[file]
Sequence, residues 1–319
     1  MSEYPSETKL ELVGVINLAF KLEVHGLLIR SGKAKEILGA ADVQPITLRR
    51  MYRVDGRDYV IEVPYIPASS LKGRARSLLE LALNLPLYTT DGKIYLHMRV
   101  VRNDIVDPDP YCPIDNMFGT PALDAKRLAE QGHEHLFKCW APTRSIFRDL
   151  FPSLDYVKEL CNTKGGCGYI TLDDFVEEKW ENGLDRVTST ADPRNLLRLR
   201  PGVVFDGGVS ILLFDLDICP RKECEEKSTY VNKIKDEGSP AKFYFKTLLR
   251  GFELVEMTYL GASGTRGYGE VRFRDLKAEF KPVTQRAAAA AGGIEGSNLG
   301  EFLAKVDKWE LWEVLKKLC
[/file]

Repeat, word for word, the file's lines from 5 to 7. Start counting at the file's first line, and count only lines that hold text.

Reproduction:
   151  FPSLDYVKEL CNTKGGCGYI TLDDFVEEKW ENGLDRVTST ADPRNLLRLR
   201  PGVVFDGGVS ILLFDLDICP RKECEEKSTY VNKIKDEGSP AKFYFKTLLR
   251  GFELVEMTYL GASGTRGYGE VRFRDLKAEF KPVTQRAAAA AGGIEGSNLG